Honestly, I don’t believe this final sermon in the series on forgiveness could be preached without the other two. The first one laid a foundation for human forgiveness in the unconditional and illimitable love of God.
Last week, we explored how Divine love makes interpersonal forgiveness and restoration possible. Today, we widen the lens to inquire about community healing, how forgiveness may be extended for generational trauma, and the consequences of past injury, particularly through unjust and oppressive systems.
Without the assurance of God’s grace and the imperative made possible only through that grace, we could not hope even to try to forgive or even want to try.
And even so, we may struggle to understand how this is a spiritual matter. There’s so much resentment and defensiveness in this space. A number of years ago, a Westfall relative did a bunch of genealogical research on our family’s roots. Immigrating from Germany in the seventeenth century and eventually settling in southern Ohio, the Westfall generations unfurled in time.
Our relatives found plenty of proof that they became true children of the North and fought bravely for the Union during the Civil War. It used to be easy for me to dismiss talk of white guilt because my family never owned slaves. My physician ancestors treated Black patients as they did white ones. My dad used the power of pen and pulpit to advocate for civil rights.
Huh-uh, you’re not gonna pin this on me and my house.
….I’ve learned how far that attitude misses the mark. This kind of forgiveness isn’t concerned primarily about interpersonal acts of prejudice but about brutality endured by human beings that is authorized and defended by unjust systems.
The Doctrine of Discovery, religious sanction of land theft, and colonization of the people living on those lands. The near-genocide of indigenous peoples, as a result. Two hundred fifty years of Black slavery. Jim Crow laws. Though it does not justify it, the unthinkable violence carried out by Hamas upon Israel certainly boiled over from years of human rights violations delivered in the name of security.
The human costs of all this are incalculable. God’s dream of a beloved community where people flourish has never been fully realized in human history. And people of faith bear some responsibility, especially as we have benefitted—economically and socially—from the injustices.
The road to forgiveness begins in confession, an awareness of our participation even if we were not part of the original sin.
The morning text reinforces this notion through an example of people resistant to admitting their culpability for a religious structure that caused others to suffer. Perhaps of equal attention was the hypocrisy exhibited by these religious teachers and leaders in the gap between their righteous words and merciless actions.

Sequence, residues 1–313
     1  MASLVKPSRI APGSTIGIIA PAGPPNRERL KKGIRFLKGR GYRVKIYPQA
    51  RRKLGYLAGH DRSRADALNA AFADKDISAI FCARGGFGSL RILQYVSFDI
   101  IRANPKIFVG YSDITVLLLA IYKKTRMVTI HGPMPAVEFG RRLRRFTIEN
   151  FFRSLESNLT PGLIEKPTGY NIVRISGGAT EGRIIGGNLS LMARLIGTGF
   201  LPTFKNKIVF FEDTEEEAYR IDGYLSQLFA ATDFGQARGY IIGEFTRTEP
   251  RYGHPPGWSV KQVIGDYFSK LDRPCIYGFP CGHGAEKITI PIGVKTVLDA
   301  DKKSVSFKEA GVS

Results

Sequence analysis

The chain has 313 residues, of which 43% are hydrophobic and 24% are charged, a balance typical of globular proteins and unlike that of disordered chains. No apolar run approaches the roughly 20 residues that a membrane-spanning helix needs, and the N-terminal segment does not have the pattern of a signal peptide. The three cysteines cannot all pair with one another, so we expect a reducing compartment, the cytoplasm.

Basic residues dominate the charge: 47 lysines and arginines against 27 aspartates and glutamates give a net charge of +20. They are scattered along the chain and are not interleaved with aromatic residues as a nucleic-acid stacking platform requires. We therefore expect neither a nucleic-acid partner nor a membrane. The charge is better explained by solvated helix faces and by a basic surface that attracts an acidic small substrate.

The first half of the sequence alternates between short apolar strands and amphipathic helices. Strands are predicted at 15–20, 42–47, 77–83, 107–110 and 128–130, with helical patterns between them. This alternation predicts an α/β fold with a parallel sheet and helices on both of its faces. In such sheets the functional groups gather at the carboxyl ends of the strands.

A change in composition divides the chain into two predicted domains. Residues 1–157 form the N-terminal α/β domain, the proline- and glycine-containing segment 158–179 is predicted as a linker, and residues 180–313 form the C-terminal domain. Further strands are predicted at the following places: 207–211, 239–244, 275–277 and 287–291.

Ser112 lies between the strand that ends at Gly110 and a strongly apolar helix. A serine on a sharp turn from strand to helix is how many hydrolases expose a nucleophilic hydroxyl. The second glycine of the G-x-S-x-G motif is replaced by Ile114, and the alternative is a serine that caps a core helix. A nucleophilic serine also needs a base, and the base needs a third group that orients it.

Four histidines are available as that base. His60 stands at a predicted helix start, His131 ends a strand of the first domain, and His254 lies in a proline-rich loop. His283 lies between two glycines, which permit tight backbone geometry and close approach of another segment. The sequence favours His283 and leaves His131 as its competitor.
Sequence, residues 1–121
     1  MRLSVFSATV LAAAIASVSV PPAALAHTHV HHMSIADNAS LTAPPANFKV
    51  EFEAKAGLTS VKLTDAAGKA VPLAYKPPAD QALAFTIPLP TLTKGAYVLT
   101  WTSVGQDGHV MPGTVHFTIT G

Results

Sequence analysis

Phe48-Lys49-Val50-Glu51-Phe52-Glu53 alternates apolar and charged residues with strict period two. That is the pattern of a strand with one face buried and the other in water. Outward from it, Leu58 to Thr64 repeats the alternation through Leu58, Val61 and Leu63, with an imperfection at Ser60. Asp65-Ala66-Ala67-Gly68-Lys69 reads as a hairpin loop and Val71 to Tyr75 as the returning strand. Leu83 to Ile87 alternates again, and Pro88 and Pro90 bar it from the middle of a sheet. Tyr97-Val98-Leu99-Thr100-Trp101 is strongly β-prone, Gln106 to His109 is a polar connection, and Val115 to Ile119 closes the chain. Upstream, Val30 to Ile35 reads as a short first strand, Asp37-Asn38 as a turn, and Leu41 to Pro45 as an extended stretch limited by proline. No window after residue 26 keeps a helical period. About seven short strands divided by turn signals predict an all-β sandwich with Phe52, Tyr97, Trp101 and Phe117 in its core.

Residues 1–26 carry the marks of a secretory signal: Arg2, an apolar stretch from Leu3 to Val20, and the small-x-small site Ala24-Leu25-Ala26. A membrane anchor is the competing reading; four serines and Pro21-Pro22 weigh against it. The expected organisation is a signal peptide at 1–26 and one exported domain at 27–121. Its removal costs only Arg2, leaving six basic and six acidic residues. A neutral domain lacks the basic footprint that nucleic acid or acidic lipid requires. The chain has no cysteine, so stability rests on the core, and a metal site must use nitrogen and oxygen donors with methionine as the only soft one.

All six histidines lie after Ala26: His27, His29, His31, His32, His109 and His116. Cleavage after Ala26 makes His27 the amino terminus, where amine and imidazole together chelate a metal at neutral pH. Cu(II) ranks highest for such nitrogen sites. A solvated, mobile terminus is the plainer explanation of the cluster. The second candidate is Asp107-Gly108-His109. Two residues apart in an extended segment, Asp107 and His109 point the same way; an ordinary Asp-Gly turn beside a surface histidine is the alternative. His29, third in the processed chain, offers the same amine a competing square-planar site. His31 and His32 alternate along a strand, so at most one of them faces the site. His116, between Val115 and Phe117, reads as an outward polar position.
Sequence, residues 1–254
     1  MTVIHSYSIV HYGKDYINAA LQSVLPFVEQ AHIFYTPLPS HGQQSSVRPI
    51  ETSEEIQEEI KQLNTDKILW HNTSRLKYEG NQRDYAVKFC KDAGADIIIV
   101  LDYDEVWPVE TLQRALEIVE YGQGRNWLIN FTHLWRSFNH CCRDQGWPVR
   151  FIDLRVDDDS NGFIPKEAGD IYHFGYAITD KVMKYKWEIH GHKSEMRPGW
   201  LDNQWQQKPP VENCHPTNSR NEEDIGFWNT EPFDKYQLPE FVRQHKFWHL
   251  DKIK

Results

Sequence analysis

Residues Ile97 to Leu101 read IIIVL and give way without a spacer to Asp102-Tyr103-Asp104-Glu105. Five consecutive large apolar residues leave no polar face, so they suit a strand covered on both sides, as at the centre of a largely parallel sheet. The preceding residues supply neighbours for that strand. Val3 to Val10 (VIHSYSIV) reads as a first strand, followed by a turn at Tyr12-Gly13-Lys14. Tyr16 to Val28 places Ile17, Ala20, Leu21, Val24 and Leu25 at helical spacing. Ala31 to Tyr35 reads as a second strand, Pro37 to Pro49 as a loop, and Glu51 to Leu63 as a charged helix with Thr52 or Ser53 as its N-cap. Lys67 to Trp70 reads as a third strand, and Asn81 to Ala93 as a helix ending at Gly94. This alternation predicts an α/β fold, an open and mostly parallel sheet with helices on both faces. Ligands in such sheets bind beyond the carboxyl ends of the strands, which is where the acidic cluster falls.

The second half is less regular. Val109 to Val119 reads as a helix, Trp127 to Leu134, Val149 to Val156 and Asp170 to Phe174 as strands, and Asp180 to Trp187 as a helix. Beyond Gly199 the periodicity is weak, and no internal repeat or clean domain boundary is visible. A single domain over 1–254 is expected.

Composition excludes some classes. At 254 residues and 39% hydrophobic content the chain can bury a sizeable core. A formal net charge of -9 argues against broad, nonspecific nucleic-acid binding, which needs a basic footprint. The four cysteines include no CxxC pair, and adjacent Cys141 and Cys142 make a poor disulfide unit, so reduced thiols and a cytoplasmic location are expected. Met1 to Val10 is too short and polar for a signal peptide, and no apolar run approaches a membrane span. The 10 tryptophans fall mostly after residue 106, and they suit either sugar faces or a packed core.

Here, Jesus calls them out. But don’t hear it as damnation. These religious leaders were sons of the covenant. Jesus speaks to them the way a parent might to a beloved and brilliant son not living up to his potential. That it is not simply a rant is revealed in the final verses, a tearful plea to turn from the desolation their community has become and return to the Mothering One who loves and nurtures them.
A reading from Matthew selected verses from chapter 23. Listen for God’s word, both as judgment AND invitation leading to a repaired community. [Matthew 23:1-3, 23-28, 37-39]
Jesus’ lament in those final verses echoes across the millennia. He wept over the beloved peoples’ failed hopes and dashed dreams; the blessing bestowed and intended to be shared was crushed through fear and thwarted by distraction. Much the way we may experience community life in this divisive, broken time.
Yet, friends, God’s word calls us to more than grief or frustration and way more than resignation. We are called, in the evocative language of the prophet Isaiah, to become repairers, repairers of the breach. The breach between ideals and reality, the breach between our words and actions, breaches opened up by inequities among different groups of God’s beloved people. This isn’t about politics, friends. It’s about repairing human community, torn asunder in a hundred ways. No less than forgiveness extended to individuals, it is for giving in pursuit of a more just and flourishing future, together.
What, specifically, contributes to community repair?
To get a better understanding of this work, I turned to Bryan Stevenson, founder of the Equal Justice Initiative addressing mass incarceration and criminal justice reform, voice of the voiceless, attorney who has worked with dozens of death row inmates to ensure fair treatment before the law.